--FHFA should modify the manner in which it addresses new activities denominated as "pilots." "Despite the limitations conferred by pilot status, such activities by an Enterprise could have widespread and lasting effects on markets and competition, which may or may not be in the public interest," MBA said. To better determine whether a pilot is serving the public interest, greater transparency should be promoted through a revision to 12 CFR § 1253.3 to include a requirement that the Enterprise or FHFA disclose to the public relevant information regarding the size, scope, participants and expected duration of the pilot. FHFA should also require the Enterprise to take measures to ensure a sufficient diversity of participants across a number of dimensions, unless there is a compelling business reason or impracticality associated with doing so. These measures should help ensure that new activities are not immune from the necessary requirements of the review process purely because they are initially structured as pilots.
GSE Multifamily Activities
On the multifamily front, MBA noted Fannie Mae and Freddie Mac play a significant ongoing role in the multifamily sector, particularly for workforce and affordable rental housing. MBA urged FHFA to adopt a "do no harm" approach as it engages in any activity under its current or future regulations. "Such an approach recognizes the strength of the Enterprises' multifamily businesses and other capital sources in this market, as well as the need to avoid the potential for market disruption that could adversely affect the rental market in a disproportionate manner," MBA said.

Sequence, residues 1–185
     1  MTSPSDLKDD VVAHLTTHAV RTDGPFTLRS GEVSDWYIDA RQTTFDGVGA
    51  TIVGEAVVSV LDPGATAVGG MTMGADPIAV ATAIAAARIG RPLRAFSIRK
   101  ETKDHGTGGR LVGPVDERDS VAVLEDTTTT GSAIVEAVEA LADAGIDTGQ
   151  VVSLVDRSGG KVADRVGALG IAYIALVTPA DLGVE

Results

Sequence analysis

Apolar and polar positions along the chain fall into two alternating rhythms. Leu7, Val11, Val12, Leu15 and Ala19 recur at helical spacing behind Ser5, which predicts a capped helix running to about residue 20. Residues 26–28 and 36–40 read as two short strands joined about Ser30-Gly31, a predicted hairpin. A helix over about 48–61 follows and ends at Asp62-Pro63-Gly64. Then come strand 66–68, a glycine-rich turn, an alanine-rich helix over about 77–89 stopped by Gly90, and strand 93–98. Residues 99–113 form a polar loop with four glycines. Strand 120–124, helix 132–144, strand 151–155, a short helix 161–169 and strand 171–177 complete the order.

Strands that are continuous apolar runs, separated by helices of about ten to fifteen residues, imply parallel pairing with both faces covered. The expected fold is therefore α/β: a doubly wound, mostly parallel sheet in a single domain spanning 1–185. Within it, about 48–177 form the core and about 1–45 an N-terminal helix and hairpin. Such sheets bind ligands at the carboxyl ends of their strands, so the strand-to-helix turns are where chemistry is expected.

Mortgage REITS and FHLB Membership
The letter expresses MBA's concerns that a 2016 rule issued by FHFA in early 2016 inappropriately excludes from Federal Home Loan Bank eligibility an important subset of institutions that do further these public policy objectives: the captive insurance affiliates of mortgage real estate investment trusts.
"Mortgage REITs are financial institutions that invest almost exclusively in real estate-related assets as a condition of their business models and tax structures," MBA said. "In doing so, they serve as a vital source of private capital in mortgage markets, facilitating lending to a broad set of borrowers. These borrowers include those with strong credit profiles who struggle to access affordable credit because they are not able to secure loans that meet the Qualified Mortgage standard."
MBA said mortgage REITs, at the very core of their operations, maintain a commitment to housing finance that warrants eligibility for FHLB membership. "Their access to FHLB advances through their captive insurance affiliates allows them to further this commitment in a safe, responsible manner that diversifies the sources of private capital serving borrowers in the housing finance system," the letter said.
Acceptance of eNotes
MBA said FHFA should ensure that its existing regulations do not unintentionally stifle innovation by restricting the growth of eNotes. An important example is the inability of FHLB members to access advances against eNotes.
"While FHFA has specifically directed the Enterprises to facilitate the use of eNotes in the market, many FHLBs continue to express concerns that FHFA does not support advances against eNotes," MBA said. "This inconsistency has tangible implications for the market, as it artificially favors a securitization execution relative to a portfolio execution. The failure to allow advances against eNotes also inhibits the transition to digital mortgages, as lenders often cannot afford bifurcated processes and therefore continue the use of inefficient and error-prone paper processing."
MBA said FHFA should clarify that eNotes represent an acceptable form of documentation for the purposes of FHLB advances.